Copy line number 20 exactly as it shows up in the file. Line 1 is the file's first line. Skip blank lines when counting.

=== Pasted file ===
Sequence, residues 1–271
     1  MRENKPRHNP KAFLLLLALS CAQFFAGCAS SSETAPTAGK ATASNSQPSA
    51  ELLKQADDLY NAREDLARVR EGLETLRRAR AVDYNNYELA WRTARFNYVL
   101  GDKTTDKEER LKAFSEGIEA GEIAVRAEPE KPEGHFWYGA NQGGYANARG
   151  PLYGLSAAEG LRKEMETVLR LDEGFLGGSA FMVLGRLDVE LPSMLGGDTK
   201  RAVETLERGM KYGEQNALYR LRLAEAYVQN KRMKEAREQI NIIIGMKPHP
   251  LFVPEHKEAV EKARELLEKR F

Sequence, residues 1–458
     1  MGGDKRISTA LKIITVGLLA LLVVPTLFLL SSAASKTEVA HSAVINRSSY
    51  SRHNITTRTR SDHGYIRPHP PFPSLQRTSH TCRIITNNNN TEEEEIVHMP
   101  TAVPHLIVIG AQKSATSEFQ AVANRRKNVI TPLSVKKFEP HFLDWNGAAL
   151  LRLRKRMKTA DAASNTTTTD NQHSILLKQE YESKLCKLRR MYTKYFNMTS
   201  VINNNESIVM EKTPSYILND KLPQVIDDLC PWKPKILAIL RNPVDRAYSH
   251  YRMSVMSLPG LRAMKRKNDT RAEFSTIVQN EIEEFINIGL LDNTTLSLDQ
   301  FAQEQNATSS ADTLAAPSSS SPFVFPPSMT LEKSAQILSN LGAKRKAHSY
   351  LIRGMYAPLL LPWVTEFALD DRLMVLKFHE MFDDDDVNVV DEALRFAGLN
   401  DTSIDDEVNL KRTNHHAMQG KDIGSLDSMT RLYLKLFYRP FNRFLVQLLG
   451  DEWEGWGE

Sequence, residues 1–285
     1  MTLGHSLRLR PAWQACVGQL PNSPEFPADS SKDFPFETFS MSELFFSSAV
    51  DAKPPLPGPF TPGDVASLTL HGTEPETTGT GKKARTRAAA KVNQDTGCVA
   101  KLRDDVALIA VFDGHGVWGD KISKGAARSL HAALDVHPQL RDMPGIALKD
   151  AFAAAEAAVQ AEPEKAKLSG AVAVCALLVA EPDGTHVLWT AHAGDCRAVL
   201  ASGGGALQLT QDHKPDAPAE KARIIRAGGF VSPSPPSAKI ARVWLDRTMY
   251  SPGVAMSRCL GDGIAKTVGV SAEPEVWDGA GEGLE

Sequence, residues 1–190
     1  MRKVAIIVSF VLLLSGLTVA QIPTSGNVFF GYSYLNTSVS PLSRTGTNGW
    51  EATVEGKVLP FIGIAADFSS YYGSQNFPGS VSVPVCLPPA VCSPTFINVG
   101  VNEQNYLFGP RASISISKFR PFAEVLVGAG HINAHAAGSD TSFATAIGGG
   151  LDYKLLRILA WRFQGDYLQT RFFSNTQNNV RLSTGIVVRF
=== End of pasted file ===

     1  MTLGHSLRLR PAWQACVGQL PNSPEFPADS SKDFPFETFS MSELFFSSAV